One of my favorite things about Facebook is the opportunity to “friend” and catch up with those who were significant during the most influential part of my life: junior high and high school. It is crazy to think how quickly life has passed – I am dumbfounded when I contemplate how long ago that “time” was and how much has happened to me during my journey here, to the present. Attending reunions, grabbing dinners, sharing pics and stories, and messages of good cheer, sympathy, or congrats from long-time friends often line my social media walls and for that, I am grateful.
Remembering My Youth
In a flash of memory, I am an adolescent again and walking home from junior high. If I close my eyes, I can even hear Steve Ruiz and Doug Peterson yell out to me as I walked on the opposite side of the street from them, “Hey Rayanne, did anyone tell you that you were a Surfer’s Dream?” I tried to ignore them, honestly, I tried – every day. I heard that one for a couple years… Apparently, I was a Pirate’s Dream, too – complete with a “sunken chest.” I was twelve, I was thirteen, and even so, my self esteem was crushed by one too many careless comments. And like so many others, I kept it all in. But I cried when I was alone. Awww…, the cruelty of adolescence.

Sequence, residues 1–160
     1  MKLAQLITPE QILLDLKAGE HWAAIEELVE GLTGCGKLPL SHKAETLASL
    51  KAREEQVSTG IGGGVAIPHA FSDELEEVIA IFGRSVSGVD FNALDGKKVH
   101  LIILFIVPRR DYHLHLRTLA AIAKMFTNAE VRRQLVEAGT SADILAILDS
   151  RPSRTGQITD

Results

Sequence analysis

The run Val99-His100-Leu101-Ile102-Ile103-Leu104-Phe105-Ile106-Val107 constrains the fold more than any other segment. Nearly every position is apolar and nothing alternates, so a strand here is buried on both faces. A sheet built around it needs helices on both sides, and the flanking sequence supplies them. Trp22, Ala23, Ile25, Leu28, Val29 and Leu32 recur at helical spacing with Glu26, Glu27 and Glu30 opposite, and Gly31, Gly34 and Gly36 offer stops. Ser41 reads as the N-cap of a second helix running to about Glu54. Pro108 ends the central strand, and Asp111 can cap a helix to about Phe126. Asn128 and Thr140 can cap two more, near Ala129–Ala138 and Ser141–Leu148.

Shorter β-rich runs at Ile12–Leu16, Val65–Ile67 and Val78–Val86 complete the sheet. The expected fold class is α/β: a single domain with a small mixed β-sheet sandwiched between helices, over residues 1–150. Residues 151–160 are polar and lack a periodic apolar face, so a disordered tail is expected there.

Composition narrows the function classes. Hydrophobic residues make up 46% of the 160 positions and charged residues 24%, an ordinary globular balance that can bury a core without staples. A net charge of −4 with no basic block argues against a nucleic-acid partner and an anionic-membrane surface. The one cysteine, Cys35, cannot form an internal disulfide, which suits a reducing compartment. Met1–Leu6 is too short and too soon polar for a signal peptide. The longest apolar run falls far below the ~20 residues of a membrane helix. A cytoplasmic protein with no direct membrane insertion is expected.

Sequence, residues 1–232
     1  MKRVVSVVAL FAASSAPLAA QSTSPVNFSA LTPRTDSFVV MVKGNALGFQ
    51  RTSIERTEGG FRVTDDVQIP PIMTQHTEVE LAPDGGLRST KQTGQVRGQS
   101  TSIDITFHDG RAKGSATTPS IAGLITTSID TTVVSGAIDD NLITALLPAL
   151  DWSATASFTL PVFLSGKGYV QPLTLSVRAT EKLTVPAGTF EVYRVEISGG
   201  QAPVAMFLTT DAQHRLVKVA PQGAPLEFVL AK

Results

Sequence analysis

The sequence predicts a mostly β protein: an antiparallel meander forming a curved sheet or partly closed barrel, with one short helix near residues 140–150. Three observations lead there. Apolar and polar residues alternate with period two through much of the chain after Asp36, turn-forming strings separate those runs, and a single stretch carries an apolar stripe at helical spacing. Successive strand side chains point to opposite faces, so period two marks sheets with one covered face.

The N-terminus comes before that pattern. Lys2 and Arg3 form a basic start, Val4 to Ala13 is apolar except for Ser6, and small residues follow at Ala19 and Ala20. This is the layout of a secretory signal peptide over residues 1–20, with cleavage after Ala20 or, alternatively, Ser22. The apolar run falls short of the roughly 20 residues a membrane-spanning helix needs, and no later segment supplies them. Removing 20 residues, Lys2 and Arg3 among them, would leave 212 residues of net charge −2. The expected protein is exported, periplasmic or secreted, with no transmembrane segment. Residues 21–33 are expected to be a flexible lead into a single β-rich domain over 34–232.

Our Youth is Never Really Laid to Rest
My mom’s career was as an Activities Director in Nursing Homes. She often shared with as many as would listen that as people age, there comes a point when they long or ache for their youth, they think about siblings and close friends, parents and grandparents, and they even remember things they had long forgotten and yearn to share stories and memories from their youth. There comes an age when your mortality is real, when one’s life becomes perceptibly shorter. That is the age when forgotten tales become crystal clear – we were once young, smart, and beautiful – “let me tell you what it was like…”
The Awkward Years
Today, I thank those friends often and hug them when I can. And I am happy to remember being thirteen and those awkward years that followed. It is easy to let the past get in the way of the present, if you let it. Whenever I feel that ugly purple puberty monster rear its hateful head – even today, I am now able to push it back to the cave to where it’s been banished thirty plus years. That monster can’t handle my new attitude and self-igniting thrust toward a good life anyway.
A Lifelong Fight
Getting Past the Past is one of the most difficult tasks we could ever hope to accomplish in life. Some people never do. I am guessing it may even be a lifelong fight for me, myself, and I – even though I don’t want it to be. Every step forward takes me further away from dreadful walks home from school, PE locker rooms, and heartbreaking crushes. Somehow, those few years stay with us more than others. We can look back at these battles and still learn life lessons by remembering our thirteen to seventeen year-old self and maybe even close a few yearbooks for good.
“Life can only be understood backwards; but it must be lived forwards.” – Soren Kirkegaard
by Rayanne Thorn